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The Alternative Mining Indaba (AMI), a yearly gathering of communities impacted by mining, civil society organizations, and faith-based groups worldwide, wrapped up in Cape Town following four days of discussions on Energy Transition Minerals: Putting Communities First for an Inclusive Feminist Future.

Vuyisile Ncube (second from left), Earthworks’ Making Clean Energy Clean, Just, and Equitable Advocate, spoke in two AMI sessions.

Across town, government officials, business leaders, and investors attended the official Mining Indaba event. It is here where far too often and for much too long, decisions are made without heeding the urgent calls of those gravely affected to respect the Free, Prior, and Informed Consent of Indigenous Peoples and to safeguard the health, livelihoods, land rights, and the environment.

Here are my four takeaways from this year’s AMI:

  1. For many African communities, the conversation about a just transition needs to address the inequitable access to energy. By 2030, it is estimated that 660 million people will not have access to electricity, and 85% will be from Sub-Saharan Africa. Guardrails must immediately be embedded into clean energy policies to ensure equitable access to renewable energy and fair benefit sharing for frontline communities.
  1. Better decision-making is more likely when the voices of women, youth, and sexual minorities are heard during community consultations. Faith Lumonya, activist and programme officer of Akina Mama wa Afrika, highlighted the importance of The African Feminist Charter and why we must first understand why and how mining further marginalizes these groups.
In her keynote address, Faith Lumonya ​​shared that policy changes are needed so governments prioritize the rights and well-being of marginalized people over the interests of mining companies. 

In areas where mining operates, women’s labor is often unpaid. Their burden is compounded when the health of their family members is compromised because of their work in the mines or through poor air quality and polluted water from mining operations. This forces women to assume more responsibilities in their homes and communities, a factor the mining industry has overlooked.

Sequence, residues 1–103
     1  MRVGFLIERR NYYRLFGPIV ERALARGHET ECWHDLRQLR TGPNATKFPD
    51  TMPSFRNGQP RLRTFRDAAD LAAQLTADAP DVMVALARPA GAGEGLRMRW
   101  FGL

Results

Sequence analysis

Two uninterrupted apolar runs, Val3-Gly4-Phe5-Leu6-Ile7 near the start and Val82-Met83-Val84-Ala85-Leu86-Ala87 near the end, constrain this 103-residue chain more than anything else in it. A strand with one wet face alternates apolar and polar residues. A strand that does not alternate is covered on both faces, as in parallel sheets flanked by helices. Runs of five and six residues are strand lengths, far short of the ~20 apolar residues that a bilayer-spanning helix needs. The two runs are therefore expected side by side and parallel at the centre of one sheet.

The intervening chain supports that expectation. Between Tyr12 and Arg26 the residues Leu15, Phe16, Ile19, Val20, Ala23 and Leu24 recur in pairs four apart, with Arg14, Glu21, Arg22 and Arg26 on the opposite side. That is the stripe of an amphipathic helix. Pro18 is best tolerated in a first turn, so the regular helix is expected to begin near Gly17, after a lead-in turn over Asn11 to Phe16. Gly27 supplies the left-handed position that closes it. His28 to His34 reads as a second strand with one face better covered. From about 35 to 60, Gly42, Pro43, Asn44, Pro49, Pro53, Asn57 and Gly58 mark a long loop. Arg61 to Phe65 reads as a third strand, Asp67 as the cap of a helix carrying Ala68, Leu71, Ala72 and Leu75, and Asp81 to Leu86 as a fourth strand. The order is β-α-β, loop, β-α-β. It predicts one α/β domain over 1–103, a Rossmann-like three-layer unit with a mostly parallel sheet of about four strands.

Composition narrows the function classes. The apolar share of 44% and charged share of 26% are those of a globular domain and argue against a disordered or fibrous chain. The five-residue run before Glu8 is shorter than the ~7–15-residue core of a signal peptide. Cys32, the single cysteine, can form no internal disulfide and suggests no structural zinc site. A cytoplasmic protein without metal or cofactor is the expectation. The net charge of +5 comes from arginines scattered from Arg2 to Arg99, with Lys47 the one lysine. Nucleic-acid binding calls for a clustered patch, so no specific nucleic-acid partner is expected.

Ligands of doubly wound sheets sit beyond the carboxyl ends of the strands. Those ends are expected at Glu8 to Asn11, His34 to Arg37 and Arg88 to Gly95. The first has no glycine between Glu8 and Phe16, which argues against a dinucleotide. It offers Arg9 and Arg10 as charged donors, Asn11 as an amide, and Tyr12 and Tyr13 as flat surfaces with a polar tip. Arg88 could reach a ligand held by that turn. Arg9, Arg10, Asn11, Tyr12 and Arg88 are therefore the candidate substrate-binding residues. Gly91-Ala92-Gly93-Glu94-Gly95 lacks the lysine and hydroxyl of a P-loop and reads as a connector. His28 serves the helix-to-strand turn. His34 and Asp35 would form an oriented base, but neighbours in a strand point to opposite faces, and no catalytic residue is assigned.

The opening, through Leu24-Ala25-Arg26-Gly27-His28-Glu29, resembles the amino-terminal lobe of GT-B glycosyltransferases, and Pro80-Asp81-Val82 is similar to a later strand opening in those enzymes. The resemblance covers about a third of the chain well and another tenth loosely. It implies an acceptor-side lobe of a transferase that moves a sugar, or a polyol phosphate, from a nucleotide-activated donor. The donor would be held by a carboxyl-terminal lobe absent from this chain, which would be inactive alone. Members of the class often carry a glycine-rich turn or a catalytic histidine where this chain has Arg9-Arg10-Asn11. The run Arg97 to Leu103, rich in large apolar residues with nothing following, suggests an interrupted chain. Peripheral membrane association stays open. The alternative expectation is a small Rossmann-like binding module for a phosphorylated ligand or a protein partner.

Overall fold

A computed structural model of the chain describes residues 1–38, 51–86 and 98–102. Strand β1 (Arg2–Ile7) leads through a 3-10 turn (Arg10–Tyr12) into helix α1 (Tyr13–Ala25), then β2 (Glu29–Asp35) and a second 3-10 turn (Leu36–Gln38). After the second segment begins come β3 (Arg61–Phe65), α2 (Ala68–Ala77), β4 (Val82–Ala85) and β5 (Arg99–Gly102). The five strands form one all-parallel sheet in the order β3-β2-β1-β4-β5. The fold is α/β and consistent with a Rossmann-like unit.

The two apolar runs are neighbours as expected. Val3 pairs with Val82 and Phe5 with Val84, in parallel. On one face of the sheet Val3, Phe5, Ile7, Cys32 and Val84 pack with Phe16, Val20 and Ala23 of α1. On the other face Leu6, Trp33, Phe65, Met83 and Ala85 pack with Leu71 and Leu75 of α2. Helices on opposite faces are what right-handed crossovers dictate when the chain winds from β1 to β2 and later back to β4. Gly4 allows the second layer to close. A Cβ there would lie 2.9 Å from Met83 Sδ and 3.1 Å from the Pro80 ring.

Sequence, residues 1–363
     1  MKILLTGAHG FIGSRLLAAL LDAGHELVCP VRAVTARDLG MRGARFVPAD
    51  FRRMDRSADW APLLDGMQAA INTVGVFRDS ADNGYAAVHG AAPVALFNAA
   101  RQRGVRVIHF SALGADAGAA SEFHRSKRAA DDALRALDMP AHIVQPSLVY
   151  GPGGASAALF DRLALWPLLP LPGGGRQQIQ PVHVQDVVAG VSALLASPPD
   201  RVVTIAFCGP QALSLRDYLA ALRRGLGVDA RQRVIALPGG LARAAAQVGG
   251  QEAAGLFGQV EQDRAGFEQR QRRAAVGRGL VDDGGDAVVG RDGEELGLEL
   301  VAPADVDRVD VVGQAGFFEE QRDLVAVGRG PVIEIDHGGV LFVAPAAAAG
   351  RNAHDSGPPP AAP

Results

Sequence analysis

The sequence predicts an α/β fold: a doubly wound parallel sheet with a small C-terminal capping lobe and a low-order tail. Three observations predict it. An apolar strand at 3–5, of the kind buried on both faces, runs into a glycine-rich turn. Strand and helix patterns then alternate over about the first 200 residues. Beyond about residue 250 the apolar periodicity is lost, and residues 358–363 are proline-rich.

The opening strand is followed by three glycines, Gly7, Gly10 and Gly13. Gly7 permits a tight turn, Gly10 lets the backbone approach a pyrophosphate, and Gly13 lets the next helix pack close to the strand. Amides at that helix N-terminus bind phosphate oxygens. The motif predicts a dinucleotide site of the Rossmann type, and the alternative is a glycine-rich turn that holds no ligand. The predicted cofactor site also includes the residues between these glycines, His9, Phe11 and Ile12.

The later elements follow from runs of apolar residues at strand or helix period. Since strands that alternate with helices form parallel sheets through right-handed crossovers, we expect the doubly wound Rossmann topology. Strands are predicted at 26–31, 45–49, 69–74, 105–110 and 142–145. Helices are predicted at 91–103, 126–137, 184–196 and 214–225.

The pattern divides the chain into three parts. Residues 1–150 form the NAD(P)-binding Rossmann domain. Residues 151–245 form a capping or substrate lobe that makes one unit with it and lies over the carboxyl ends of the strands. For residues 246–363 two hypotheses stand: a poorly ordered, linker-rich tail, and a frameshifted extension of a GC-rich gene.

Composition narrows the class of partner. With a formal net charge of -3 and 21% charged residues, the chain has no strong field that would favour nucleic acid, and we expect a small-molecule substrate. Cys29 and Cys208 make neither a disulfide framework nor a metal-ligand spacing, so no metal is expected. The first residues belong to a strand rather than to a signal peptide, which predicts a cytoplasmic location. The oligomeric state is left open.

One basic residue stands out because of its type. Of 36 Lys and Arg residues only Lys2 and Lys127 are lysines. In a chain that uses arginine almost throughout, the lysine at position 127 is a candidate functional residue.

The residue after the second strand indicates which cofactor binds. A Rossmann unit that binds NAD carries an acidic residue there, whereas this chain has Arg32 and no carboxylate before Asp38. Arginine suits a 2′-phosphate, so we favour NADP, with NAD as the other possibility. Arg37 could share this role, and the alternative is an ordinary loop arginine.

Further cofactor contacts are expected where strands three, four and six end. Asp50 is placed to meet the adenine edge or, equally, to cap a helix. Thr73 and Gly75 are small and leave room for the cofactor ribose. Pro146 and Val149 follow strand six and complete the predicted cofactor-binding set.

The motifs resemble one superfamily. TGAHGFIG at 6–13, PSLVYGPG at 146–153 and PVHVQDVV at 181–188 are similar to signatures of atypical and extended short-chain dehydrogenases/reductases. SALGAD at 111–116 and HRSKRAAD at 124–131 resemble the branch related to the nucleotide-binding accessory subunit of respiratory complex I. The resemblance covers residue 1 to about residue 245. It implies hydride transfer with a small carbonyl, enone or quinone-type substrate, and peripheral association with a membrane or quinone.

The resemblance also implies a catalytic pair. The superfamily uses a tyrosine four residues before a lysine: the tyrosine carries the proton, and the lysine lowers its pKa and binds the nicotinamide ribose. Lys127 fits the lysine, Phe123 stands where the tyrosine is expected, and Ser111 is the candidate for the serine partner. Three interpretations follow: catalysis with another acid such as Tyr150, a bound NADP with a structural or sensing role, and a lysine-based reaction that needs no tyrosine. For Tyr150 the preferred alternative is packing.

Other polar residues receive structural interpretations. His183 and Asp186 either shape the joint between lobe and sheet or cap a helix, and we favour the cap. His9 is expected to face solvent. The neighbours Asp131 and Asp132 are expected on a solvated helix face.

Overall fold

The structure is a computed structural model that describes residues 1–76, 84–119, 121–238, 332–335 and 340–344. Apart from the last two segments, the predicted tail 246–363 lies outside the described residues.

We must center the voices, contexts, and realities of women, sexual minorities, and the youth to generate meaningful solutions.

  1. Communities are already bearing the brunt of climate change, and the risks are exacerbated by increased mining. In the Western Cape, mining and offshore oil and gas explorations threaten the way of life and livelihoods of Indigenous communities already suffering from depleting fish resources because of global warming. This is also the challenge fisherwomen face in South Africa’s Eastern Cape and Western Cape provinces. They shared that severely damaged coral reefs have decreased oysters production. African governments need to do much more to strengthen communities’ climate resilience. They must also enforce higher social and environmental standards when applying for exploration licenses.
  2. African governments need to reform laws and policies. It has been estimated that the African continent loses approximately US$50 billion annually through the illicit financial activities of multinational companies and wealthy individuals. While these commercial activities span a range of sectors, the quality and quantity of most exported natural resources, such as crude oil, minerals, and timber, are undervalued.

This practice eats into the revenues of an exporting country, which weakens a government’s ability to provide basic services for its people and to meet its developmental goals. 

This is why Faith Lumonya also called for African governments to conduct comprehensive reviews of their mineral laws and policies to break away from paternalistic, neoliberal, colonial, and historical biases.

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